When finalizing a contract resulting from most government competitive processes where participating vendors are bound to their submissions (i.e. negotiation areas are not expressly allowed), keep in mind the following:
- Contract finalization may only be conducted within the framework allowed by the conditions of the solicitation in order for the process to be considered fair.
- In order to ensure a fair process for all participating vendors, any details that need to be worked out between the Province and the successful vendor should be minor and not substantially alter what was included in the solicitation or what was proposed by the successful vendor.
- By submitting a bid or proposal, you have already agreed to the contract terms and conditions that were attached to the solicitation; don’t expect to make changes after closing if you’re offered the contract.
- Contract finalization may fail if both parties cannot agree on the final contract language. Should this occur, the Province has the option to move on to the vendor with the next highest scoring / lowest price, if the timeframe for valid submissions has not expired. In some solicitations, including those that require bid bonds or bid deposits, withdrawing your submission after being offered the contract may have financial consequences. In some cases, the Province may decide to cancel the opportunity and may or may not repost at a later date with revisions.
- A contract may not be signed until any documents that the successful proponent is expected to provide have been received. Alternately, the contract might be signed with an express time period for the contractor to provide the required documents, so long as the contract includes specific recourse if the conditions are not satisfied. The solicitation will usually state what documents are required, including for example the proof of insurance, performance bonds, labour and material bonds, proof of certification, completion certificate of privacy training, etc.
- In some cases, once the contract is signed, certain solicitation financial instruments, such as bid bonds or bid deposits, will be returned to the participating vendors.
- The successful vendor may not begin work on a contract until the contract is fully executed by both parties.
For guidance that is provided to government staff, refer to Contract Finalization.
Before the Province signs a contract with a vendor (whether a competitive solicitation or a direct award applies), the following elements are typically considered: legal names, insurance documentation, WorkSafe BC requirements, and security and privacy protection. Some contracts may include additional requirements.
Ensure that your name on the contract document is your full legal business name, rather than a “doing business as” name. For example, a contractor’s legal name may be “BC 1234567 Ltd.”, but they are commonly known as “Acme Consulting Services”. In this case, the legal name is required on the contract, but a statement may also be included that identifies the doing business as (dba) name. If your company is registered in BC, your legal name on the contract needs to match the Corporate Registry on BC Online.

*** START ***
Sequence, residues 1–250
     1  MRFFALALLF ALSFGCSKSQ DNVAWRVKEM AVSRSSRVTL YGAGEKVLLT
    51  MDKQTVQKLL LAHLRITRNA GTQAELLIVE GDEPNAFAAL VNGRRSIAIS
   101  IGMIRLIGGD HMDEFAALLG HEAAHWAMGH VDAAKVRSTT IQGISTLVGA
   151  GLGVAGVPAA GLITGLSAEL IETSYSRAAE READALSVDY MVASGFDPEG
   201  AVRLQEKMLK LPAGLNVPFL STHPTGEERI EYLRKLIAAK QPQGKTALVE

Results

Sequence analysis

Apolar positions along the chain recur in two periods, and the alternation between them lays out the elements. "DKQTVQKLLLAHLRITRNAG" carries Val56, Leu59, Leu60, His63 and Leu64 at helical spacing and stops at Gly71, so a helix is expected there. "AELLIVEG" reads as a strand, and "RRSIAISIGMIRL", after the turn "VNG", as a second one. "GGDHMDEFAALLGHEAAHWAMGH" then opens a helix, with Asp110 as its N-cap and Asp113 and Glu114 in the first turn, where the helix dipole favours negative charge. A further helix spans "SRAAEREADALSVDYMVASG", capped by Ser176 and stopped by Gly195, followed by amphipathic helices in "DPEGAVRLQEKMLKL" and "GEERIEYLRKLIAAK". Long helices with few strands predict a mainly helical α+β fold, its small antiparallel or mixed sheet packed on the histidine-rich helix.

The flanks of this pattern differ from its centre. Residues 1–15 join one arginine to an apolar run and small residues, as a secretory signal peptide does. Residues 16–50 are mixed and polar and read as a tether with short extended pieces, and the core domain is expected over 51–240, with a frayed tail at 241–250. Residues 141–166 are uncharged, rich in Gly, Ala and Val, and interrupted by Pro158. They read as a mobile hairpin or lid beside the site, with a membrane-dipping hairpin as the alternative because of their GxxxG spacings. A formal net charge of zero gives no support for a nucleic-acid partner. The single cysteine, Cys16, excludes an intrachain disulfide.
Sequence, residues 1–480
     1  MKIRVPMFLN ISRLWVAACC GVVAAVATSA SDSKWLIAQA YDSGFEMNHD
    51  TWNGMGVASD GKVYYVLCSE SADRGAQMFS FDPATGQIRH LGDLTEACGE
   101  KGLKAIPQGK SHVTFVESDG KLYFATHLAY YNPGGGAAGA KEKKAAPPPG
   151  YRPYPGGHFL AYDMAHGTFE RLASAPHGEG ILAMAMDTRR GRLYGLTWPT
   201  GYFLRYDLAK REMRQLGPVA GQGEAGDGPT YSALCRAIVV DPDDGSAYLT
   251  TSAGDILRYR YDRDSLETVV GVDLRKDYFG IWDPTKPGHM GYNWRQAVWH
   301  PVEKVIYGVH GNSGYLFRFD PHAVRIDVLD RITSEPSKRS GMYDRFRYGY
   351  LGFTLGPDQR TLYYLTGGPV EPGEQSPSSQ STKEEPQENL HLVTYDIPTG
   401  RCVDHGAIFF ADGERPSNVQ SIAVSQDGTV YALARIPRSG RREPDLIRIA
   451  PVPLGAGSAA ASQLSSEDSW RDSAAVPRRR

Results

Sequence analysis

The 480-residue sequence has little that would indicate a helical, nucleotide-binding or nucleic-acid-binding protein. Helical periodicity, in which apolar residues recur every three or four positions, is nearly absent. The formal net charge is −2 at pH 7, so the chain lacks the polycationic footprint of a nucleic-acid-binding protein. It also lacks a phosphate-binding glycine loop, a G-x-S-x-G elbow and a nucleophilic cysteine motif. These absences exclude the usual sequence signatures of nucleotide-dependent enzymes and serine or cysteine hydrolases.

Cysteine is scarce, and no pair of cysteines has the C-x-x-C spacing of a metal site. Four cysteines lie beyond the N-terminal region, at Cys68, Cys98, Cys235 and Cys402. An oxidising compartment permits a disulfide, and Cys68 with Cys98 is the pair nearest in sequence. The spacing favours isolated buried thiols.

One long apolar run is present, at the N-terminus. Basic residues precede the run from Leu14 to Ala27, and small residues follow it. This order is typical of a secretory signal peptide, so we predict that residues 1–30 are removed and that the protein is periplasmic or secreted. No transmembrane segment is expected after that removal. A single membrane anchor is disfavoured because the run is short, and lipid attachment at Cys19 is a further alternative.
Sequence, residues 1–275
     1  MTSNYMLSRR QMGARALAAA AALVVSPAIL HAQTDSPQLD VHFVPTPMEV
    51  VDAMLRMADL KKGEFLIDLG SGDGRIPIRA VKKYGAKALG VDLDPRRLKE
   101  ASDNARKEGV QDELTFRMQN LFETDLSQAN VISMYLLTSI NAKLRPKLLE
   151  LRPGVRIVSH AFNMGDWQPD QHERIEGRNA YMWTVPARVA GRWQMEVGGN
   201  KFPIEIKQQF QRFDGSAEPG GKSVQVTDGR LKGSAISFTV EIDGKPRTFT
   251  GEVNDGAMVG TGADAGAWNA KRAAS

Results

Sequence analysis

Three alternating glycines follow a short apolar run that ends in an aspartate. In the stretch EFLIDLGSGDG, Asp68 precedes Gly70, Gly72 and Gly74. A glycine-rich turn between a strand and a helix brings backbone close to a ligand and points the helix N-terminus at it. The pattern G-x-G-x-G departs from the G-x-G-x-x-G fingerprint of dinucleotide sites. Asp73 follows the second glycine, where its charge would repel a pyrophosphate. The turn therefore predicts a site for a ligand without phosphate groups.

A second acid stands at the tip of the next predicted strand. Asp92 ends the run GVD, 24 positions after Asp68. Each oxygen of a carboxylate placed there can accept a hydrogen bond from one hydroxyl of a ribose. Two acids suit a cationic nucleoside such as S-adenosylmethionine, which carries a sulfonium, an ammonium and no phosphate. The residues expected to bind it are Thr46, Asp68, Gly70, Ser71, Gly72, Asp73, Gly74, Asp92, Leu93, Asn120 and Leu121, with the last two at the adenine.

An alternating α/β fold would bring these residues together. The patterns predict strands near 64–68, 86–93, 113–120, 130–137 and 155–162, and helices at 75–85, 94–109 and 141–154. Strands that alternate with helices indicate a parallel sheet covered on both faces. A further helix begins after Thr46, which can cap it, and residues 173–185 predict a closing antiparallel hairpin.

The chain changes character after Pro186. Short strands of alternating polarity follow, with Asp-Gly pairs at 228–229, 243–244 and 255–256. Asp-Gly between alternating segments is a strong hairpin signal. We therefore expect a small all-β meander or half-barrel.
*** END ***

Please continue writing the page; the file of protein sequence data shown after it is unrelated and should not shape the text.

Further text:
If you are entering into a contract as an individual rather than a company, the government buyer may ask to verify your full legal name on the contract document via government-issued identification (e.g. driver’s license, birth certificate).
All contracts must be signed by both the contractor and the Province. The person signing on behalf of the contractor needs to have the authority to bind their organization to their contractual obligations. The person signing on behalf of the Province will be an expense authority for the applicable government office, whose spending approval limit is at or above the overall value of the contract.
Some government offices require original signatures to their contracts. Others will allow the contractor to sign first, send the signed contract to the government office via email or fax, then the Province signs the emailed or faxed copy, and emails or faxes the fully executed copy back to the contractor. Check what the contract requires with the government buyer as to what process is acceptable to them to execute the contract.
Most service contracts include one or more types of insurance coverage that the contractor is required to maintain for the term of the contract. For ministries, proof of this insurance is managed through the Province of British Columbia Certificate of Insurance (a copy can be found on the Risk Management Branch’s forms site). This form should be renewed each year of the contract and delivered to the Province so that there is a record that your insurance is current and providing the coverage required by your contract with the Province.
B.C. vendors with employees must be in good standing with WorkSafeBC in order to become contractors of the Province. The Province may check annually on WorkSafeBC’s website, to ensure ongoing eligibility. If you are from another jurisdiction, you are required to be in good standing with the equivalent organization in your jurisdiction.
If you don’t have any employees, you may be eligible for WorkSafeBC’s Personal Optional Protection. Refer to WorkSafeBC for more information.
Contracts usually include privacy language if the contractor will have custody of personal and/or confidential information. Refer to Personal Information for more information about privacy requirements, including the training that you and/or your employees/subcontractors and their employees may be required to take.
Depending on the nature of the contract, it may include security provisions that the contractor must meet. These provisions often address requirements related to confidentiality, security screening, activity logging, access to the contractor’s facilities and equipment, access to sensitive information, integrity of information, and reporting security breaches. Before signing a contract with security protection clauses, be sure that you have processes in place to fully comply with these requirements.